The purpose of this study was to examine the antidepressant-like effects of clary sage oil on human beings by comparing the neurotransmitter level change in plasma. The voluntary participants were 22 menopausal women in 50's. Subjects were classified into normal and depression tendency groups using each of Korean version of Beck Depression Inventory-I (KBDI-I), KBDI-II, and Korean version of Self-rating Depression Scale. Then, the changes in neurotransmitter concentrations were compared between two groups. After inhalation of clary sage oil, cortisol levels were significantly decreased while 5-hydroxytryptamine (5-HT) concentration was significantly increased. Thyroid stimulating hormone was also reduced in all groups but not statistically significantly. The different change rate of 5-HT concentration between normal and depression tendency groups was variable according to the depression measurement inventory. When using KBDI-I and KBDI-II, 5-HT increased by 341% and 828% for the normal group and 484% and 257% for the depression tendency group, respectively. The change rate of cortisol was greater in depression tendency groups compared with normal groups, and this difference was statistically significant when using KBDI-II (31% vs. 16% reduction) and Self-rating Depression Scale inventory (36% vs. 8.3% reduction). Among three inventories, only KBDI-II differentiated normal and depression tendency groups with significantly different cortisol level. Finally, clary sage oil has antidepressant-like effect, and KBDI-II inventory may be the most sensitive and valid tool in screening for depression status or severity.

To use these essential oils you can rub 2 drops of each oil over your lower abdomen two times daily (combine with a carrier oil like coconut oil if you have sensitive skin). You might also try putting 2 drops of frankincense oil on the roof of your mouth two times daily.

5. Sip on Herbal Teas
Herbal teas may help soothe symptoms by decreasing inflammation and rebalancing certain hormones. Teas made with chasteberry, milk thistle, yellow dock, dandelion root, nettle and red raspberry all have systemic benefits for the uterus and reproductive system.

6. Try Castor Oil Packs
By applying a castor oil pack to your abdomen, you increase circulation in the lymphatic and circulatory systems and also increase lymphocytes — white blood cells that eliminate disease-causing toxins from the body. Many holistic practitioners believe a buildup of toxins plays an important role in fibroid development.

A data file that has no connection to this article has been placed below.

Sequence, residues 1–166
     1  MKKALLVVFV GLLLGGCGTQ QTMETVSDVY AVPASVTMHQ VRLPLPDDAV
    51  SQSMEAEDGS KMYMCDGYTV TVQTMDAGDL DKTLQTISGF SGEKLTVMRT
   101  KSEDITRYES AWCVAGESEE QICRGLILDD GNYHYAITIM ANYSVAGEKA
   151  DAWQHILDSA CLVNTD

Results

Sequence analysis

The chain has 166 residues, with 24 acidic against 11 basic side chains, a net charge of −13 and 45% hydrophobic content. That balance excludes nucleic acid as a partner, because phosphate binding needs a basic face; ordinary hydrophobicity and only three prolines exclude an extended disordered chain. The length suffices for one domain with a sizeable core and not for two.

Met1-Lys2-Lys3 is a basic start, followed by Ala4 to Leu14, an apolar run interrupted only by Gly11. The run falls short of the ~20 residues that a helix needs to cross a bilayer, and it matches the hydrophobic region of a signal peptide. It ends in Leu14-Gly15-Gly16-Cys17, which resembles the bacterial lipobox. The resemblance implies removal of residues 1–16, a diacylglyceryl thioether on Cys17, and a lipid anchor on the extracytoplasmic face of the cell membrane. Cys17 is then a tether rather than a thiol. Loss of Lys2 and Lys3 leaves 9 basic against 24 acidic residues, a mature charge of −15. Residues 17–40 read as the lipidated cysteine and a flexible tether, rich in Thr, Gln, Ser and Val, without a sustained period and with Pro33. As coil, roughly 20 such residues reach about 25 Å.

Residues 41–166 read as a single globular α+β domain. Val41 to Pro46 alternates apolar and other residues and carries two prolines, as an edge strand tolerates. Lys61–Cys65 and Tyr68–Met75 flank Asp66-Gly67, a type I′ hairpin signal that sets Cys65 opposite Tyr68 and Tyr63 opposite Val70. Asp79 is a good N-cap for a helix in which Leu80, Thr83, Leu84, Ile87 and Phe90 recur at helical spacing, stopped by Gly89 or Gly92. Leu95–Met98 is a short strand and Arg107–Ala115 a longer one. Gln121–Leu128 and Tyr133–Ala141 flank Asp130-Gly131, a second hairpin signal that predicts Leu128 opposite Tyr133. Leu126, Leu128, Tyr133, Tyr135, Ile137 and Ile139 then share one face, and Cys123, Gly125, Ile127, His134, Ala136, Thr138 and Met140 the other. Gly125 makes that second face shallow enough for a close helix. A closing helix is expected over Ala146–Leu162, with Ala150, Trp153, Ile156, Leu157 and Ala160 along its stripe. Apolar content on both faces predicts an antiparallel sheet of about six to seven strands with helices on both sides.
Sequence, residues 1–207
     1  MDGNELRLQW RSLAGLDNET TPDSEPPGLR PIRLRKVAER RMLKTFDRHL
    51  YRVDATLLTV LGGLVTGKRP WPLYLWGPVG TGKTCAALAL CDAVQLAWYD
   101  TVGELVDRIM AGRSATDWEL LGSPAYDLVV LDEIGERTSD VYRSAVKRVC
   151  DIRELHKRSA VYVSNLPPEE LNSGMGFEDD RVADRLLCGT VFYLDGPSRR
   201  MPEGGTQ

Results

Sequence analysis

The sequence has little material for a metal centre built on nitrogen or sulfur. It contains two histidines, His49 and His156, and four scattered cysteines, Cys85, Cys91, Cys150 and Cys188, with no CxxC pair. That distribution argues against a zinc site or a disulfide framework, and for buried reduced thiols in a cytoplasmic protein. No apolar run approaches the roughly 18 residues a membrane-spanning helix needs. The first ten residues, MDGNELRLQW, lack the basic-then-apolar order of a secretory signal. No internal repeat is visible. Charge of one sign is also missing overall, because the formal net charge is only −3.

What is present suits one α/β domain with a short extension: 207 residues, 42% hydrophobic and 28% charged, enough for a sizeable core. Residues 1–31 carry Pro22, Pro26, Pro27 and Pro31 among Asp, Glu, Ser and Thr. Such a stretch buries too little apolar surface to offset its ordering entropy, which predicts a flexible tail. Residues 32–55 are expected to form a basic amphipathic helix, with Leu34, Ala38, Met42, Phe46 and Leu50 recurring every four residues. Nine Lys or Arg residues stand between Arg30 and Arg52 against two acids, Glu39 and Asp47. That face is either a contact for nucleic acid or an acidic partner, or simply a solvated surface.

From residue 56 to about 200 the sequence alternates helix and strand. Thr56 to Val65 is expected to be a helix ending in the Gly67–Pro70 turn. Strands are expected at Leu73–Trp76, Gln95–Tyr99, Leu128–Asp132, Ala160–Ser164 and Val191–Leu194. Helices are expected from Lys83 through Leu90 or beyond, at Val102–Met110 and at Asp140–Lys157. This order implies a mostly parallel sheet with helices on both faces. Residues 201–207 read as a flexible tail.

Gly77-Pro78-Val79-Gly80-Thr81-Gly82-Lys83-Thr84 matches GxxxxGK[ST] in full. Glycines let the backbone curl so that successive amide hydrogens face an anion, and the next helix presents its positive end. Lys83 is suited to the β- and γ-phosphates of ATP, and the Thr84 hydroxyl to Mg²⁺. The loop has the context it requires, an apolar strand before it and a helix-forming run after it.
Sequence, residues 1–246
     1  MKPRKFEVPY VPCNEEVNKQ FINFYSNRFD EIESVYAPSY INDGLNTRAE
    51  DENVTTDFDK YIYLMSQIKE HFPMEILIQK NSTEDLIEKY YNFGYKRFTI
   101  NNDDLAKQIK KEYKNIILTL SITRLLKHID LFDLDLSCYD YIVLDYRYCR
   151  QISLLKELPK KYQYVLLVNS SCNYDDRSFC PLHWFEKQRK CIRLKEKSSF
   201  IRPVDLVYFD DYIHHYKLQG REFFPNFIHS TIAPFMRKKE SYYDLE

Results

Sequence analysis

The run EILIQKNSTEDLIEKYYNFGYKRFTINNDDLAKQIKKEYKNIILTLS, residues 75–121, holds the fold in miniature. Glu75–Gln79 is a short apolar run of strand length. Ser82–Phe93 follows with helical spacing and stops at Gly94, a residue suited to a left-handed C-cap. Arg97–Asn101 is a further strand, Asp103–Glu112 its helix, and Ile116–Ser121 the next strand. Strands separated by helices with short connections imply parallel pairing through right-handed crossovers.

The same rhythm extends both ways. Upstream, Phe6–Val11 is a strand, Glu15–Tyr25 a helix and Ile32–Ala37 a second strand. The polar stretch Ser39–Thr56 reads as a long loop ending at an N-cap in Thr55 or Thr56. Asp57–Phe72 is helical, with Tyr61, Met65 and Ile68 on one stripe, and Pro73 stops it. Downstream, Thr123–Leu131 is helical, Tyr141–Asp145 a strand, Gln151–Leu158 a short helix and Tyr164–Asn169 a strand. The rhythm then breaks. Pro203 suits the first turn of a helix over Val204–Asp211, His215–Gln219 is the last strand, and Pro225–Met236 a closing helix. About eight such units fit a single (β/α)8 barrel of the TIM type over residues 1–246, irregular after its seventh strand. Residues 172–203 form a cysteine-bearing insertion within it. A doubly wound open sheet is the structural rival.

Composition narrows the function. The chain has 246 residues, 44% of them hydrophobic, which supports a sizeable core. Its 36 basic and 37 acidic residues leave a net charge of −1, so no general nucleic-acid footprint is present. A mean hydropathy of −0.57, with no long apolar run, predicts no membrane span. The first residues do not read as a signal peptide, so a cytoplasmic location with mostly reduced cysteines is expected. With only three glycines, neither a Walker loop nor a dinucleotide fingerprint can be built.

Castor oil contains an anti-inflammatory compound called ricinoleic acid. While there hasn’t been any scientific research to date that directly studies the impact of castor oil packs on uterine fibroids, it makes sense that castor oil packs could be helpful. A 2011 study did show that castor oil packs can help improve detoxification and decrease symptoms associated with constipation. (7)
NOTE(7) : 
Complement Ther Clin Pract. 2011 Feb;17(1):58-62. doi: 10.1016/j.ctcp.2010.04.004. Epub 2010 May 18.
An examination of the effect of castor oil packs on constipation in the elderly.
Arslan GG1, Eşer I.

Manisa School of Health, Celal Bayar University, Manisa, Turkey.
This research, conducted at two rest homes in Manisa, Turkey, was undertaken to examine the effect of castor oil pack (COP) administrations on constipation in the elderly. Study participants were monitored for 7 days before, 3 days during, and 4 days after COP administration utilizing the Recall Bias and Visual Scale Analog (RB-VSAQ) as well as the Standard Diary developed by Pamuk et al. Wilcoxon Signed Ranks, Repeated Measures, Bonferroni, and Mann-Whitney U tests were used for data analysis. Eighty percent of study subjects had been constipated for 10 years or longer. COP administration did not have an effect on the number of bowel movements or amount of feces, but decreased the feces consistency score, straining during defecation and feeling of complete evacuation after a bowel movement, thus decreasing symptoms of constipation. We conclude that COP may be used for controlling symptoms of constipation.
7. Avoid Exposure to Environmental Toxins
Stay clear of the following chemicals to improve your hormonal health, as well as your general health: pesticides, herbicides, synthetic fertilizers, bleach, food preservatives, harmful cleaners (even certain eco-cleaners) and food dyes.  You’ll also want to opt for natural, unbleached feminine care products as well as organic body care products and makeup.

8. Exercise
Getting regular exercise can actually help to prevent fibroids before they start! According to one study, the more a woman exercises, the less likely she is to get uterine fibroids. (8) Exercise has many anti-inflammatory effects, may help control blood pressure, can help improve insulin sensitivity, is beneficial for weight management, and may contribute to hormonal balance.
9. Drink water

Symptoms of Fibroids
Can fibroids cause bleeding, back pain or other unusual symptoms? It’s possible, but not every woman who has them experiences any noticeable symptoms at all. About 70 percent to 80 percent of women experience fibroids by the age of 50, but many will remain unaware that they have them. (9) It’s common for a woman to find out that she has them only during a routine exam or when she becomes pregnant and has ultrasounds performed.